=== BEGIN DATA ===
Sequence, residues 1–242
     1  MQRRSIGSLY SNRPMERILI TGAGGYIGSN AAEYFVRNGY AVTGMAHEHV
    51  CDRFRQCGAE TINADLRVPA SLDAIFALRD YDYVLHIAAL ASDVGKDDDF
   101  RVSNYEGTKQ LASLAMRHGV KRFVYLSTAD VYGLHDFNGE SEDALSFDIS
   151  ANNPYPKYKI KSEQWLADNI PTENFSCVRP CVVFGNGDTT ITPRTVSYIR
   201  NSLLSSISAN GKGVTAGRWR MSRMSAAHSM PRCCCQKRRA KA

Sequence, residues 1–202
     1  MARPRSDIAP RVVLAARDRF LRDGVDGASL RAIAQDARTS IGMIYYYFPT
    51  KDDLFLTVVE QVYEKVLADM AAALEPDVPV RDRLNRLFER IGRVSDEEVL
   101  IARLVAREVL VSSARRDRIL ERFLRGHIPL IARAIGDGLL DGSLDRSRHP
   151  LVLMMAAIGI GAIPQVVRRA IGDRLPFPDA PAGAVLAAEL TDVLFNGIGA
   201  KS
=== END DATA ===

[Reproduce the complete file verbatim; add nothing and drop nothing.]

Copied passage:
Sequence, residues 1–242
     1  MQRRSIGSLY SNRPMERILI TGAGGYIGSN AAEYFVRNGY AVTGMAHEHV
    51  CDRFRQCGAE TINADLRVPA SLDAIFALRD YDYVLHIAAL ASDVGKDDDF
   101  RVSNYEGTKQ LASLAMRHGV KRFVYLSTAD VYGLHDFNGE SEDALSFDIS
   151  ANNPYPKYKI KSEQWLADNI PTENFSCVRP CVVFGNGDTT ITPRTVSYIR
   201  NSLLSSISAN GKGVTAGRWR MSRMSAAHSM PRCCCQKRRA KA

Sequence, residues 1–202
     1  MARPRSDIAP RVVLAARDRF LRDGVDGASL RAIAQDARTS IGMIYYYFPT
    51  KDDLFLTVVE QVYEKVLADM AAALEPDVPV RDRLNRLFER IGRVSDEEVL
   101  IARLVAREVL VSSARRDRIL ERFLRGHIPL IARAIGDGLL DGSLDRSRHP
   151  LVLMMAAIGI GAIPQVVRRA IGDRLPFPDA PAGAVLAAEL TDVLFNGIGA
   201  KS